Similarly, some people playing roulette at landbased casinos suspect foul play after a bad streak, assuming the wheel has been magnetically gaffed to produce non-random results. So is magnetic wheel gaffing possible and if yes, how does it work?
One of the easiest ways to gaff a wheel is to replace some of the brass frets of its pockets with steel ones. As you know, brass is a non-magnetic compound made of zinc and copper. Steel, on the other hand, is highly magnetic.
A ball with a magnet in its center also needs to be in play, in which case it will show a strong inclination toward the pockets with the steel frets. The gaffed pockets are picked in advance, with the zeros being the most frequent choice at unregulated casinos. The dealer can control the game by introducing the magnetic ball into the gameplay.
It is true some operators have indeed resorted to such methods to cheat players in the past. This usually happens at illegal casinos operating in unregulated jurisdictions where such lack of ethics may go unnoticed.
There is no need to worry about gaffed wheels when playing with licensed gambling operators that have a reputation and license to protect. As previously noted, regulated casinos guarantee their profits by paying you at shorter odds when you do win. It would be nonsensical for them to risk license suspension for using magnets to cheat.
Roulette Dealers Affect Results through Ball Steering
Some players are proponents of the idea roulette dealers can control the outcome of the spins with a technique called “ball steering”. This method involves the dealer spinning the ball at a consistent speed so that it shows tendencies toward specific wheel sectors.
This is easier said than done, however, since it calls for particular conditions such as a wheel with dominant diamond deflectors and consistent wheel and ball speed. Setting the ball in a manner that causes it to avoid or favor certain wheel sectors is a skill that requires painstaking practice and persistence, both on behalf of the player and the dealer.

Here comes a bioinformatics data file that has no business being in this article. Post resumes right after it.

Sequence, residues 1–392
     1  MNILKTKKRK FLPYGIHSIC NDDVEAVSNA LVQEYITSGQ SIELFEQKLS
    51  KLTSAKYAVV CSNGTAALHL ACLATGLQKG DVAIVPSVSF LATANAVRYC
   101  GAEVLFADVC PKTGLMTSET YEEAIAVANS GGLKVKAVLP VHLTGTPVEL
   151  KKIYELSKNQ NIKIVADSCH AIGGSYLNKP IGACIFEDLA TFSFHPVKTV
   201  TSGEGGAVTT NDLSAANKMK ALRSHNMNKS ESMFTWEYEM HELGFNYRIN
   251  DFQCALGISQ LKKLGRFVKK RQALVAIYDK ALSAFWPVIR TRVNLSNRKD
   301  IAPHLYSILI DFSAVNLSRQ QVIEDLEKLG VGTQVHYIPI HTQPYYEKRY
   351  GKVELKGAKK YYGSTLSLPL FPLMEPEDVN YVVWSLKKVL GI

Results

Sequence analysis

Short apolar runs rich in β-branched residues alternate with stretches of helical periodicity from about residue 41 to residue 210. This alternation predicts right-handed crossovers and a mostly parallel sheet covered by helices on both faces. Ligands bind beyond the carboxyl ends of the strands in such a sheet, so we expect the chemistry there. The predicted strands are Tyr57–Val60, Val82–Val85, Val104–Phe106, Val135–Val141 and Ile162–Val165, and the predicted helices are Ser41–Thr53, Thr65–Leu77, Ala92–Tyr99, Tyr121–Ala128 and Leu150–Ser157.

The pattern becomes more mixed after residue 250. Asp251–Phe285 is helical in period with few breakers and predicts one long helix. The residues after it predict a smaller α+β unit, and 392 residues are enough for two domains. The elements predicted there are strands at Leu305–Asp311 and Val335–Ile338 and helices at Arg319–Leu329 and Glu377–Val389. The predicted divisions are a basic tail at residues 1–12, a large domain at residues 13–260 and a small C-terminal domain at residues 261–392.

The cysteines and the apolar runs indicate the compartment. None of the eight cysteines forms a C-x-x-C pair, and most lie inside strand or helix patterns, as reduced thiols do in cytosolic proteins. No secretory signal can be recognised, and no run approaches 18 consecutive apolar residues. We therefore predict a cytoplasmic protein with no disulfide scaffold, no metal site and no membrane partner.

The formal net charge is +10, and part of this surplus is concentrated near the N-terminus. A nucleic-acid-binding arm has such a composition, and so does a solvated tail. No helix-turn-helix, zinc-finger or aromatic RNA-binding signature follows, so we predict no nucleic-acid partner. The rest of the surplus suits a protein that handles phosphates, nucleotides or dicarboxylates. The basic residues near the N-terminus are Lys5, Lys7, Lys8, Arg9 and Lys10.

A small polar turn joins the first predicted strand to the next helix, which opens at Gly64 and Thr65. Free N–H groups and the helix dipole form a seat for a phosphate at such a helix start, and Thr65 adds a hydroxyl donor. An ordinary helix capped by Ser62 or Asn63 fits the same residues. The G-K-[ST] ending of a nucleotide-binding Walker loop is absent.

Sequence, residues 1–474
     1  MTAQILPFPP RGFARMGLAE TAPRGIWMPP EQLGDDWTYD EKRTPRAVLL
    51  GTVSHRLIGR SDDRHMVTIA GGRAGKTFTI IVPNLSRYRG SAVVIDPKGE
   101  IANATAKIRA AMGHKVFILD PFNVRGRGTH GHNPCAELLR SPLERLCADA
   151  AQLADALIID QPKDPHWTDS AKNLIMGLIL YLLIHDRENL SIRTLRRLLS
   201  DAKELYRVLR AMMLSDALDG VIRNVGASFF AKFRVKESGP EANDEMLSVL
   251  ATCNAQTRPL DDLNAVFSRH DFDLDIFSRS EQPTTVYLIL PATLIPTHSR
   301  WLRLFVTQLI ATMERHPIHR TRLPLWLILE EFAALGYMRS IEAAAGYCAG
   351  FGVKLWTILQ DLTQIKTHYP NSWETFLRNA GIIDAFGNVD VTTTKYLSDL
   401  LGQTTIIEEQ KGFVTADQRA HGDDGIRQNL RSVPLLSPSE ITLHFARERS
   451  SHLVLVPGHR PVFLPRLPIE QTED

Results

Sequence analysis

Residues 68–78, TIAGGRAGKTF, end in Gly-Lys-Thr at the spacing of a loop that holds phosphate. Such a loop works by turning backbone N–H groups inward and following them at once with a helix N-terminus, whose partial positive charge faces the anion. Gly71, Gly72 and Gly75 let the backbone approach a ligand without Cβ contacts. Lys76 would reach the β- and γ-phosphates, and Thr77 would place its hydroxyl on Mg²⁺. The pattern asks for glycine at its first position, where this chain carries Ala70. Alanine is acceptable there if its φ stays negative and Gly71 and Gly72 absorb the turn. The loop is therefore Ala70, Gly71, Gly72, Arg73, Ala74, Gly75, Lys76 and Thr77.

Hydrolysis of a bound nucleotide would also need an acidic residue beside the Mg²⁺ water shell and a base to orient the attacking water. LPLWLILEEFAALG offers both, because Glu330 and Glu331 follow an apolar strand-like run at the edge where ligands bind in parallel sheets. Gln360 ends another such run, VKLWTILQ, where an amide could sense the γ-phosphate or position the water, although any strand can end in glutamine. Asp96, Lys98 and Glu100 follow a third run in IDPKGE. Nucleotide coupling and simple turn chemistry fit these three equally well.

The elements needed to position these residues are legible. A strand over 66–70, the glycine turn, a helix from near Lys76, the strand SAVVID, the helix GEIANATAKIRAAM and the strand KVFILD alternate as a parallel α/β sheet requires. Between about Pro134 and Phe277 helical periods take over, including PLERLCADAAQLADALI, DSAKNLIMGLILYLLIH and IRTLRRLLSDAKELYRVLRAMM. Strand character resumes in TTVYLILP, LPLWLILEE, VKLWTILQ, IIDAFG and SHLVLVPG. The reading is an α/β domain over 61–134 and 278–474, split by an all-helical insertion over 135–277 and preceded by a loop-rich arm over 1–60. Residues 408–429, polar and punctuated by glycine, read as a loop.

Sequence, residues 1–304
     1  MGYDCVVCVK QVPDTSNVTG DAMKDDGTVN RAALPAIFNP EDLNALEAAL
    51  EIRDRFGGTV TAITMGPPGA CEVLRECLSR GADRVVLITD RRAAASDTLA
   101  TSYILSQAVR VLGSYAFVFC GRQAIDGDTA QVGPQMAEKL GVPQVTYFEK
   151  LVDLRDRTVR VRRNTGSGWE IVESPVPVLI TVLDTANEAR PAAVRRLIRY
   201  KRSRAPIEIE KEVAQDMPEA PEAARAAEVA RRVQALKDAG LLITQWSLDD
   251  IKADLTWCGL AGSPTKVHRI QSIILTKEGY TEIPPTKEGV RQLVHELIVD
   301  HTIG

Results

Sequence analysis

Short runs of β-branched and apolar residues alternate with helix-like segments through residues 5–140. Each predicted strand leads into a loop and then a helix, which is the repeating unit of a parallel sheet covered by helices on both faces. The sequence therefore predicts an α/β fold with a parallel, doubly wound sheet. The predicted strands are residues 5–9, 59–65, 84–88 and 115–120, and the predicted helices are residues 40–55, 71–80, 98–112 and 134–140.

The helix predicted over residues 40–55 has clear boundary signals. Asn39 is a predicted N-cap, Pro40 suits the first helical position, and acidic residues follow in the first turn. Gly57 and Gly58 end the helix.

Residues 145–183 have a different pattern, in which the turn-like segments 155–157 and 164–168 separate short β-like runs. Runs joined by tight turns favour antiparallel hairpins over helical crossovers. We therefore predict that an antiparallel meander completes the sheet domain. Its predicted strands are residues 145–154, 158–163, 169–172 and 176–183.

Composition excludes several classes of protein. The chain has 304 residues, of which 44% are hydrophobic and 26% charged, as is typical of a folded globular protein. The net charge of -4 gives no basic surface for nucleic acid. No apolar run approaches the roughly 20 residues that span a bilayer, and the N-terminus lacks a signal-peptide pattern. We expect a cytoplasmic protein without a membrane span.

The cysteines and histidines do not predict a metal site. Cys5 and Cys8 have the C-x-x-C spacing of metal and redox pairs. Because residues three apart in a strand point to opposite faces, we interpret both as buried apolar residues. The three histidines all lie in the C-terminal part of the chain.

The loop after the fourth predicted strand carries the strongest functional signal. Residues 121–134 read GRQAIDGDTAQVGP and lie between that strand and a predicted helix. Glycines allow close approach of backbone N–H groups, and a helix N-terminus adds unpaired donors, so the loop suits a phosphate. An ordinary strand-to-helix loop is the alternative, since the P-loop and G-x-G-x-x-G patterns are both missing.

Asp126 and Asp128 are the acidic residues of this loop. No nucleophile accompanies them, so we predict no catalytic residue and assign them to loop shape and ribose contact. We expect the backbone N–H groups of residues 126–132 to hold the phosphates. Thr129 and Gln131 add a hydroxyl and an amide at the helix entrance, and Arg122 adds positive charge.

Some proponents of this technique claim that it helps improve the players’ odds but there are no recorded cases of someone actually exploiting such dealer signatures with great success. Try it for fun if interested, but there is a good chance you will simply be losing your time. It is impossible to perform ball steering with sufficient accuracy on modern wheels.
Only High Rollers Play Roulette
Roulette has the reputation of one of the most sophisticated games on the casino floor, which causes some players to assume it is reserved exclusively for high rollers. However, such assumptions could not be further from the truth. You do not need a fat bankroll to play this game.
Of course, it depends on where do you plan to play. If you are planning a trip to Las Vegas, you can find tables with minimums that start at as little as $1 or $3. Things are even better for players who decide to take their roulette action online.
Many licensed gambling sites offer variations with minimum bets as low as $0.10. Some of these games closely replicate the experience in landbased casinos. The tables are operated by live dealers while the betting action is captured and streamed in real time with the help of multiple high-definition cameras.
Throw in the fact the game offers a low house edge and good odds to even-money bettors, and roulette becomes one of the most desirable options on the casino floor.